Meeting Our Energy Needs: Today and Tomorrow Webinar
On Thursday, October 1, Ohio Citizen Action Cleveland Program Director Anastazia Vanisko moderated the first stop on the Ohio Equity Team’s Virtual Equitable Energy Tour, a panel titled, “Meeting Our Energy Needs: Today and Tomorrow.” The panel features SeMia Bray of Black Environmental Leaders (BEL), Kim Foreman of Environmental Health Watch (EHW), and Achilles Morales of the Ohio Equity Team (OET). OET, sponsor of the event, works to ensure that clean, healthy, safe, and sustainable air and water are available to all communities, specifically historically marginalized communities.
Discussion begins with a question to all attendees: “How does energy policy affect your life?” Many people respond by acknowledging the Ohio Legislature’s failure to develop any sort of comprehensive energy policy. Instead, Ohio continues to fund outdated and harmful forms of energy, such as coal. As a result, we the consumers are forced to pay for the inefficiencies of outdated energies on our surcharged electric bills.
SeMia Bray is the first to speak after the initial discussion question to attendees. She is a consultant within the renewable energy space, including with BEL, an organization that advocates for environmental justice. Bray starts her presentation mindfully, acknowledging our Native brothers and sisters who have traditionally cared for the land we live on here in Ohio. She reminds us that our relationships with the trees and plants are symbiotic; they take care of us by cleaning our air and giving us oxygen to breathe, and we ought to take care of them. Though we all know we have a long way to go in Ohio in terms of renewable energy development, we can look to many places in the world for inspiration and hope. SeMia acknowledges that, as a planet, we are adding more capacity to renewable energy each year than coal, oil, and natural gas combined. And thankfully, wonderful resources exist in Ohio to help us get the ball rolling on renewable energy, including Power a Clean Future Ohio and Black Environmental Leaders.
Next, Kim Foreman speaks on her work as the Executive Director of EHW, a group that focuses on the health of the indoor environment, as well as tangible approaches to connecting folks to the policy efforts of issues that affect them. Foreman shares that often the people who are most affected by climate change issues are the least connected to the conversation on how to mitigate those effects. EHW has done deep energy retrofitting of houses, with affordability as the core goal. They found that there were amazing savings of $680 per year for those living in the retrofitted, newly insulated homes! Additionally, Foreman discusses a few other projects EHW works on, including a food co-op project, which emphasizes locally-sourced food and economic justice strategies. These on-the-ground programs help marginalized communities in Cleveland to push for effective policy change.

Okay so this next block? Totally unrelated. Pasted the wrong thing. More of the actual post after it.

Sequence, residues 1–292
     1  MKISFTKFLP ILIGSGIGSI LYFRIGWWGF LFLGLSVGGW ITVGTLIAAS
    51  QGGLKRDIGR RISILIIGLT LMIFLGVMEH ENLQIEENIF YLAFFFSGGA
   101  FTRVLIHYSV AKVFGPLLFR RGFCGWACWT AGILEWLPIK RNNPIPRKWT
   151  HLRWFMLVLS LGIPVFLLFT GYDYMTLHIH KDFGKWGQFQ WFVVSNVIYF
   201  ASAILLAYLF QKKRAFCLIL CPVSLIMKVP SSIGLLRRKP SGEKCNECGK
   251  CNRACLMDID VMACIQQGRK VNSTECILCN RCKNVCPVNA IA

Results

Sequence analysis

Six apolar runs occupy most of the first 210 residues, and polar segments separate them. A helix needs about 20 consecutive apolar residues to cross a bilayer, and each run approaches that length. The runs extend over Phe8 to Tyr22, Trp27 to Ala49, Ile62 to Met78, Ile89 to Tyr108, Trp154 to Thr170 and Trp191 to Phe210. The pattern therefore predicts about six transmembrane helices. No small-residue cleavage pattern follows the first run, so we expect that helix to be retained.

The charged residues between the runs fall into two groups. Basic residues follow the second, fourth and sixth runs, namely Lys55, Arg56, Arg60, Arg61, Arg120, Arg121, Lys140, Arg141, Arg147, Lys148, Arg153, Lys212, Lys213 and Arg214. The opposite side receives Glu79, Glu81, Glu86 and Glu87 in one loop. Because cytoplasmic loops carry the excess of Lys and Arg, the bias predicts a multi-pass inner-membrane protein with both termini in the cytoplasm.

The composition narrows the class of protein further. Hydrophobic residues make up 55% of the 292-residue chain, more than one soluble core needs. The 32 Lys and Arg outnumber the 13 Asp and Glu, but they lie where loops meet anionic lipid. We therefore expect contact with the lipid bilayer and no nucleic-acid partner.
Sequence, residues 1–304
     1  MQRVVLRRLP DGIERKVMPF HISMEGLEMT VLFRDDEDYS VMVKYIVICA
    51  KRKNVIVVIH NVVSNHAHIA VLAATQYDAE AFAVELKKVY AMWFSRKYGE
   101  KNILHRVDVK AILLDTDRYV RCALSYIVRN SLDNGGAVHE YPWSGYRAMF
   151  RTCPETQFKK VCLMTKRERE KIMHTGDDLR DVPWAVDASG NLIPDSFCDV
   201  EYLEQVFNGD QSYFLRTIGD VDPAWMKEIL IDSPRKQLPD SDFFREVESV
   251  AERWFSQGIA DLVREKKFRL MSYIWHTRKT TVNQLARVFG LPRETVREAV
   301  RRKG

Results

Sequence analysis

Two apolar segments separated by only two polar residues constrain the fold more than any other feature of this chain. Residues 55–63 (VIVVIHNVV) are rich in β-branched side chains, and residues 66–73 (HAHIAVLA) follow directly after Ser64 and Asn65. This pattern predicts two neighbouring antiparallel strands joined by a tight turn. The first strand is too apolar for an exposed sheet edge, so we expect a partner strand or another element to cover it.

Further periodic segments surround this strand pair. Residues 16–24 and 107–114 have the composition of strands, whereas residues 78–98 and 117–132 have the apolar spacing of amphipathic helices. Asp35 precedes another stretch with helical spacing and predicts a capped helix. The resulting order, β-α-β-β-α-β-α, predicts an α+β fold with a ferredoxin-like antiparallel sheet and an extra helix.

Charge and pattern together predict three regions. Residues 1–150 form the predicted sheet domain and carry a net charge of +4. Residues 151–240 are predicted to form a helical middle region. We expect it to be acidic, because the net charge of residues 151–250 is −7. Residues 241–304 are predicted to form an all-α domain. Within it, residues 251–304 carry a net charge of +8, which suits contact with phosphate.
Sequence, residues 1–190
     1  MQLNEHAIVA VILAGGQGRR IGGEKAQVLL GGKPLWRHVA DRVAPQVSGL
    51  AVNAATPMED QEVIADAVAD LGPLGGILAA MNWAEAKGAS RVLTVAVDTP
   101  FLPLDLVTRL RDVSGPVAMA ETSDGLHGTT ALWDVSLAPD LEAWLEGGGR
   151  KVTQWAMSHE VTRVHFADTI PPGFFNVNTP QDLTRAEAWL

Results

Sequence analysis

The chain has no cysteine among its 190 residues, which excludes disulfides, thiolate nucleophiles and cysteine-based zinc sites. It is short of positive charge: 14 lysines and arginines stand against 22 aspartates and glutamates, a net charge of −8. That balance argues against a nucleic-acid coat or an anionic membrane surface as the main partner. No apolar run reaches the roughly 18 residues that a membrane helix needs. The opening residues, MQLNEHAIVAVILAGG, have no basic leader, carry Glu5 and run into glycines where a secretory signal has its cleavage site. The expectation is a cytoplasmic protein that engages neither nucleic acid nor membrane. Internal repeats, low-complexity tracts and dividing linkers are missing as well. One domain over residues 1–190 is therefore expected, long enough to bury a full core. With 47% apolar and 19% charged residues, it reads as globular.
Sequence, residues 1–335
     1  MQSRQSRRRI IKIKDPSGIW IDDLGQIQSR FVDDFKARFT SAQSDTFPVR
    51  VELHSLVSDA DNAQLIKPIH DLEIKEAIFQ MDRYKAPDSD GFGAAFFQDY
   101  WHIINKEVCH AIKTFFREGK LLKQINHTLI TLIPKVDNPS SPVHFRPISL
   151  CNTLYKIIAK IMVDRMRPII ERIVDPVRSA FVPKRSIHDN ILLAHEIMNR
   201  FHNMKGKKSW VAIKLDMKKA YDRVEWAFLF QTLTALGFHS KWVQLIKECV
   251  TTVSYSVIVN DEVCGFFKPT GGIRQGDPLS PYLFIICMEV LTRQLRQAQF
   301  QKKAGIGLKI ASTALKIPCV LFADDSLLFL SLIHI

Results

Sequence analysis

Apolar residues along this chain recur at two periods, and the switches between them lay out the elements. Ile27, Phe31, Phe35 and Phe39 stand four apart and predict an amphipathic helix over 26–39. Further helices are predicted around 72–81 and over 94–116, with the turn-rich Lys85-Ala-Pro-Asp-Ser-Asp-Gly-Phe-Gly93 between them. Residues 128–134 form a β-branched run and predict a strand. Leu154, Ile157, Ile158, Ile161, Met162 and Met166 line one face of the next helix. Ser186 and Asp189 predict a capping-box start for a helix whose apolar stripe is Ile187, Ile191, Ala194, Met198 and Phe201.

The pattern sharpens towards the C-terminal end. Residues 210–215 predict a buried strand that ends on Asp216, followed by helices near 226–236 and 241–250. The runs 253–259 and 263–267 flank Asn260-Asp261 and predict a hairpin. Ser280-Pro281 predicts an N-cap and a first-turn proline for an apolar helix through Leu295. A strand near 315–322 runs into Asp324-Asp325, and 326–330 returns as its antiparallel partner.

Morales, Co-chair of the Ohio Equity Team and Co-creator of the Ohio Equity Team’s Voting Ambassador Program, gives crucial updates regarding voting in the upcoming election.
To end, the guest speakers answer questions from the attendees, including some that lead to discussion of the repeal of House Bill 6.
To answer the first discussion question of the panel, when I think of how energy policy affects my life, I think of the missed opportunities the Ohio Legislature has had to provide options for cleaner, safer, and cheaper forms of energy to me and my fellow Ohioans. Unfortunately, we do not have the true opportunity to choose where our energy comes from. Ohio legislators continue to put many roadblocks in front of potential renewable energy development in our state. I want to be able to choose to turn my lights on and heat the water I use with Ohio-generated solar and wind energy. That is, until Ohio can guarantee that all of my energy comes from wind and solar powered plants! Maybe I’m a dreamer.
The Ohio Equity Team hosted a crucial conversation about meeting Ohio’s energy needs, presently and going forward. When it comes to working for tangible energy policy change in Ohio and centering marginalized communities in such conversations, we certainly have the right minds at work.
Watch the full conversation here: https://youtu.be/LSElA6oqrq0
-- Tatiana Rodzos, OCA Senior Field Manager